If you’ve been beating yourself up about doing nothing productive during lockdown, don’t. Sometimes nothing is exactly what you need. Other times, it's nice to make something with your own hands. That's what this guide is about: how to build a PC from scratch.
It can be daunting for a lot of reasons—it's expensive, it's complex, it can get messy . But I want to be clear: If you can build an Ikea table, bookshelf, bed, or anything that comes in more than one of those deceivingly heavy flatpacks, you can build a PC. The tricky part? I can’t tell you how to build your PC. Not really. Not unless I know exactly which hardware you’re using. I can, however, explain what each component does and what my recommendations are for each category.
Updated May 2021: We’ve added new hardware in CPU, GPU, memory, and storage categories, including Intel 11th-gen Rocket Lake processors and Nvidia 30-series graphics cards.
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What Do You Need?
No matter what your experience level is, you should use PCPartPicker . It not only has everything you need to buy, it also lets you build your PC piece by piece right there on the website, making sure all your hardware will play nicely together. It even has a few example builds you can tweak to your liking.
Regardless of what kind of PC you're building ( home-office or gaming ), the components you need are going to be the same. You'll need a motherboard, a central processing unit (CPU), storage, memory, a power supply, a case, and a monitor. The only thing you might not need if you’re mostly using this PC for home-office tasks is a GPU (graphics processing unit), but it’s necessary for photo or video editing and gaming. That's a lot of stuff. Here's a little breakdown of what each component does, along with some hardware recommendations.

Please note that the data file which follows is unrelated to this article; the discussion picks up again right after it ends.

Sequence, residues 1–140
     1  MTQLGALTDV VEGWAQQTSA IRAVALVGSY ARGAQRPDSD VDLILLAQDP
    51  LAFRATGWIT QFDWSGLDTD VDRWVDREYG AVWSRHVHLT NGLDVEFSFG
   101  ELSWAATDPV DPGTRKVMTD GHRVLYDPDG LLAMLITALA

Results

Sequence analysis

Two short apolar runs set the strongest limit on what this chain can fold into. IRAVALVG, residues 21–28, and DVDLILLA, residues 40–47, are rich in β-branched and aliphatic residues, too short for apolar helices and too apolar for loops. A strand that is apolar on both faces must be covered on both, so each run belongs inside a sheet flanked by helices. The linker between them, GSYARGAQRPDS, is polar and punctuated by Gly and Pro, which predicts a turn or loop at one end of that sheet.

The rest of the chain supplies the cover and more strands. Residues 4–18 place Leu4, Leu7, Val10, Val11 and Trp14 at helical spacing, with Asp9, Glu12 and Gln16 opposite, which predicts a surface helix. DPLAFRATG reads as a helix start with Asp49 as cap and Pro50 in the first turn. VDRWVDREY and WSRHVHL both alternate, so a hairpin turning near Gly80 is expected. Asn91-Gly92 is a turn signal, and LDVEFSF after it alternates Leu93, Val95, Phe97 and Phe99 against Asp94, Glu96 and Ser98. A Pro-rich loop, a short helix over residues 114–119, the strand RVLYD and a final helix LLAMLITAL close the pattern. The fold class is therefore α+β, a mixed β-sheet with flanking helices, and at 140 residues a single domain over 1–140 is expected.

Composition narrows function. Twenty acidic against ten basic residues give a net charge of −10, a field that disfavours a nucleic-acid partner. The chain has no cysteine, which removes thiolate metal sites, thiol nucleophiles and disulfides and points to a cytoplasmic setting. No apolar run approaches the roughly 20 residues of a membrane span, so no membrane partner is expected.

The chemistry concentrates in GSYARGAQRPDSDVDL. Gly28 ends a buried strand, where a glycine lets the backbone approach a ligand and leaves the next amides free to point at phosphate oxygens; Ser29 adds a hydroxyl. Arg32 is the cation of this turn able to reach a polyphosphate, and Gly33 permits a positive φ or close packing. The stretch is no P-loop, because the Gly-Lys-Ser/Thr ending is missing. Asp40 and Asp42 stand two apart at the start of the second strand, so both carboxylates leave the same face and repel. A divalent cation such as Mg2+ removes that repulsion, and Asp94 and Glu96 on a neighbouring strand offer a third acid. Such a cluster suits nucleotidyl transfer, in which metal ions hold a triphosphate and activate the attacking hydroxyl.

But before diving in, you should know that there's a worldwide shortage of PC components right now , particularly with graphics cards, and prices overall keep rising. If parts aren't available, the best advice we can give is to wait. Things will eventually get back to normal.
Every other component plugs into this circuit board. It's the highway they use to communicate and collaborate. They come in different sizes and configurations, and each one looks a little different, but they all fill the same function. One thing to look out for: Make sure you know which processor you want to go with before you buy a motherboard. Motherboards come in a couple of flavors, but the most important thing to know is what kind of socket it has.
There are basically two kinds, LGA and AM. You’ll always see them listed with a number after them, like LGA1150 or AM3. The exact numbers after the LGA and AM portions of these socket names will change over time, to indicate which generation of Intel or AMD chips they support, but the current standards as of 2021 (which will work with the latest chips from either maker) are LGA1200 for Intel and AM4 for AMD.
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